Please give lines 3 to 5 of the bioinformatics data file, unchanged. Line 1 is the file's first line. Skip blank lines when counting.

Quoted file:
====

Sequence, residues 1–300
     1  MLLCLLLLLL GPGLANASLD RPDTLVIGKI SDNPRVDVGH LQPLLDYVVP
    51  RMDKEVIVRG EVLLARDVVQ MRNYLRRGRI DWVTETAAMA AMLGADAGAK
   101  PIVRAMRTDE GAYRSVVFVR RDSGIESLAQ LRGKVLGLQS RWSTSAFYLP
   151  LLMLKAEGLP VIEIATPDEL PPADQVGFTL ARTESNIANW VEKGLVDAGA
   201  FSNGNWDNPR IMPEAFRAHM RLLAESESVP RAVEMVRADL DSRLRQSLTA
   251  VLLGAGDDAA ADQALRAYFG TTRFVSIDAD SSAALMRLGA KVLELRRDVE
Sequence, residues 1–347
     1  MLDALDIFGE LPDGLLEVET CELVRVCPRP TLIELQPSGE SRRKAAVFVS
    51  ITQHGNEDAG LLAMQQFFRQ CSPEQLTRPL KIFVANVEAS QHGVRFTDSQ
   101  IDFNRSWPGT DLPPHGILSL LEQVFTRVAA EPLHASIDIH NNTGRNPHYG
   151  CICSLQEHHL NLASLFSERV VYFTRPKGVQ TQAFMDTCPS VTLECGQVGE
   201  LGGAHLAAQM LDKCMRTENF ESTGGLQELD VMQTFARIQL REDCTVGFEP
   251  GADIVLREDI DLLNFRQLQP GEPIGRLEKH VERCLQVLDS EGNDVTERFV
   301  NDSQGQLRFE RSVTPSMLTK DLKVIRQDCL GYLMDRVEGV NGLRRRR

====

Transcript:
    51  RMDKEVIVRG EVLLARDVVQ MRNYLRRGRI DWVTETAAMA AMLGADAGAK
   101  PIVRAMRTDE GAYRSVVFVR RDSGIESLAQ LRGKVLGLQS RWSTSAFYLP
   151  LLMLKAEGLP VIEIATPDEL PPADQVGFTL ARTESNIANW VEKGLVDAGA